Boys and Literacy: Rhetoric and Reality
MetadataShow full item record
The gendered features of children's development in early literacy, particularly those that contribute to the generally poorer performance of boys, were explored in a dual-phase questionnaire study, conducted across schools in South East Queensland. The potential influences of school type (private and state) and gender-composition of a class (mixed-gender and single-gender schools) on performances of boys were tested on two state-wide tests (The Year 2 Diagnostic Net for Reading; The Reading Development Continuum) and a standardised measure (The St Lucia Reading Comprehension Test). Children and parents were surveyed to determine the locus of significant differences between girls and boys in relation to attitudes to reading, being read to and to constructs of self and others as readers. Girls presented as more positive across these measures. They indicated greater interest in reading and being read to. They reported reading across a wider range of genres for both school and recreational purposes and selected reading as a preferred activity in comparison with others. Boys were more reluctant readers. They displayed poorer attitudes generally and reported reading less in quantity and frequency in both school and home settings. The notion of girls and boys maintaining a positive or negative "image" emerged from a small but influential subset. This derivation was consistent with perceptions of gender-bias in gender-preferences. The profile of achievement across the three measures yielded a story of difference. Boys in private school settings were significantly less likely than girls to obtain higher Continuum scores and boys in state school settings were less likely than girls to be rated as proficient in the Year Two Net Test. Boys from private schools and in single-gender situations outperformed all other subgroups on the Net. Yet, they obtained the worst result on the Continuum, and were in the middle rank on the standardised test. Whether in private or state schools, boys were likely to obtain lower average Continuum scores than females. This was a statistically significant difference in the private school sector. While boys in Private Schools were slightly more likely than girls to be rated as proficient in the Year Two Net test, boys in state schools were far less likely than girls to be rated as proficient on the Year Two Net test, a statistically significant difference. Children attending single-gender, private schools attained higher aggregate scores on the attitude subtests of the Continuum than their state school counterparts. However, children in comparable, mixed-gender, private schools performed neither better nor worse than their peers in single-gender private schools. This comparison does not support contentions that single-gender schooling is superior in relation to the literacy achievements of emergent readers. When comparisons were made at the most general level (male vs. female, private vs. state school) gender did not predict scores in the externally administered St. Lucia Reading Comprehension Test scores. The significant relationship for girls at state schools on the Net test and for girls at private schools on the Continuum (both internally-based measures), coupled with the non-significant differences in relation to the St. Lucia Reading Comprehension Test points to the possibility that internally-based ratings are to some extent driven by teacher perceptions of literacy competence, and such perceptions may at times be unreliable. The corollary observation that not only was the measurement of attitude provided by the Continuum Attitude score significantly correlated with the St. Lucia reading test but also that the latter was not directly influenced by gender affirmed the notion that a school culture of gendered literacy is influencing teacher attitudes related to the achievement of literacy. What analyses of home background capture is the surprisingly lack of any connection between these tacitly understood underpinnings of literacy and the achievement thereof. The lack particularly of any connection between the teacher reading to students and the achievement of literacy was also surprising. In relation to literacy practice, the three most highly identified male activities (kicking a ball, computer games, playing outside) grouped to form a distinct factor (subscale) and this factor score was positively associated at a statistically significant level with scores on the St Lucia Reading test. Not only did private school children obtain better scores on the St. Lucia test, it was private school students whose identification of this highly stereotypically set of male activities linked significantly with an external measure of the achievement of literacy. This linkage seems indicative of an enhanced ability to read social codes more generally and is probably reflective of the social space occupied by private school students. In sum, while students, parents, and teachers fairly consistently displayed a heavily gendered culture with regard to literacy, actual achievement levels, attitudes, home background, and literacy practice disconnected from that gendered culture. That is, there appears to be a subtle but important distinction between perception and reality in relation to the achievement of literacy.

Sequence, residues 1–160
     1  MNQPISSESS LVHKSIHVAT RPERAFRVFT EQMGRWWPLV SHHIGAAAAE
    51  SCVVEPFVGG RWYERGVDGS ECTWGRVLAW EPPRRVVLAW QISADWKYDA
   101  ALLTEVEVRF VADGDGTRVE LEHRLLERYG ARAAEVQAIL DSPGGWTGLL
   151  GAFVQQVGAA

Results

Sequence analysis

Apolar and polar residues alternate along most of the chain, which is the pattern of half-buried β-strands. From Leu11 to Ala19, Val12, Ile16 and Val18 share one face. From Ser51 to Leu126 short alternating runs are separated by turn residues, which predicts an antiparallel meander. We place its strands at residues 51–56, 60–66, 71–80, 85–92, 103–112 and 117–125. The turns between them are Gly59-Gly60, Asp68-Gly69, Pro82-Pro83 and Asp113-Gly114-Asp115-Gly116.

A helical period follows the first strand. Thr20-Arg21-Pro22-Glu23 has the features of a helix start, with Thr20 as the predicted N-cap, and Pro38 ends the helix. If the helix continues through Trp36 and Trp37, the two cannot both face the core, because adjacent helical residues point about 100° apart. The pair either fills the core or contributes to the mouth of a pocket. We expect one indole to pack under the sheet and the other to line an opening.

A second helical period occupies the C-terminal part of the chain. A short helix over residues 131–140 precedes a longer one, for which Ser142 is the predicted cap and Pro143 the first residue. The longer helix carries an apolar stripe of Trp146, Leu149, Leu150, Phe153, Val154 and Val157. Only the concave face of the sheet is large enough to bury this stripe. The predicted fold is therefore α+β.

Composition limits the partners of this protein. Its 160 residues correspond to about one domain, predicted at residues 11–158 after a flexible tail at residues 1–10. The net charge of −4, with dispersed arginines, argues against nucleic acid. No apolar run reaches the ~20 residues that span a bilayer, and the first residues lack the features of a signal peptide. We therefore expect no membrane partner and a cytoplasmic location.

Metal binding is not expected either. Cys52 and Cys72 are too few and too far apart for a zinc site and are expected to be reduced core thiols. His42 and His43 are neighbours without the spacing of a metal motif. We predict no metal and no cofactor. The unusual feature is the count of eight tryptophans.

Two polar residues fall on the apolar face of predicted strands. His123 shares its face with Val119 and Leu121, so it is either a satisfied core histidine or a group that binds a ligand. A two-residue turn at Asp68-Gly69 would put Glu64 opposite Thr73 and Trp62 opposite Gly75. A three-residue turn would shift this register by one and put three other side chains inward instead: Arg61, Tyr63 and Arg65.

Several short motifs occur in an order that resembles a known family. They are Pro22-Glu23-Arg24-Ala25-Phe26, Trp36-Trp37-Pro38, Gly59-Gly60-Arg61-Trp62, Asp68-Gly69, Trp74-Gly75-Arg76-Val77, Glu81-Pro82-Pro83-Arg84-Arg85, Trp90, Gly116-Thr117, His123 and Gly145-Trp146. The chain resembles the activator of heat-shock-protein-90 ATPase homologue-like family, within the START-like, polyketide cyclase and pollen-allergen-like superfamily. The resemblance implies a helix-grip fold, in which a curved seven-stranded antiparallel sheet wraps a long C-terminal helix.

Thesis (PhD Doctorate)
Doctor of Philosophy (PhD)
School of Cognition, Language and Special Education
Item Access Status